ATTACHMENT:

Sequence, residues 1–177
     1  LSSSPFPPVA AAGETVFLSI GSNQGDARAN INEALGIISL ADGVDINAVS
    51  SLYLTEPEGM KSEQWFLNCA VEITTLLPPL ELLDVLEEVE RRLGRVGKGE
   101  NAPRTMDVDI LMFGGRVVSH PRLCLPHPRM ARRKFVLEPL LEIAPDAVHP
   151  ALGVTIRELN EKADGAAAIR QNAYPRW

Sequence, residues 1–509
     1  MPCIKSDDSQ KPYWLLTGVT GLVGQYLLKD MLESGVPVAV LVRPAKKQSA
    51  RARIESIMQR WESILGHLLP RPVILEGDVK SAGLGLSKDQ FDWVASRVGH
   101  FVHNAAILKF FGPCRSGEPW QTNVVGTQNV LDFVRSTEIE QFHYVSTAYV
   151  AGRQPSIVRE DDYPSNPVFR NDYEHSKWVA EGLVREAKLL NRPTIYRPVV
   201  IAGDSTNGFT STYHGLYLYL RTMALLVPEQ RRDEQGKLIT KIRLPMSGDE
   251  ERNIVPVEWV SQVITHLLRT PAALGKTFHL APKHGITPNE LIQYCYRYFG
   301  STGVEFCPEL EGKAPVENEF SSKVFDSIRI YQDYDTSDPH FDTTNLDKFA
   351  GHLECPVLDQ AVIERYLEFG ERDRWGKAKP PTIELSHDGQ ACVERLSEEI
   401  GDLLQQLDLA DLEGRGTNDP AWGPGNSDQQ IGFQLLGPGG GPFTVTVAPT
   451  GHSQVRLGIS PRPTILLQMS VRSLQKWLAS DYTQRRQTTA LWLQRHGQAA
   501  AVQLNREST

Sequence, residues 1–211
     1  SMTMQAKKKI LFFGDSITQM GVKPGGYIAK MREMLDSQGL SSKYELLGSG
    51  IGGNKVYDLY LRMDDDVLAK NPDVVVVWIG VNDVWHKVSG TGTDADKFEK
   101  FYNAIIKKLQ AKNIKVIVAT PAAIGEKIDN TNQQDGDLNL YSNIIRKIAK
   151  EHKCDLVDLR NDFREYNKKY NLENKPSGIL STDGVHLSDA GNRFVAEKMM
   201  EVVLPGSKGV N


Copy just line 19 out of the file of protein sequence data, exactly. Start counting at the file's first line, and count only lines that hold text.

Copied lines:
     1  SMTMQAKKKI LFFGDSITQM GVKPGGYIAK MREMLDSQGL SSKYELLGSG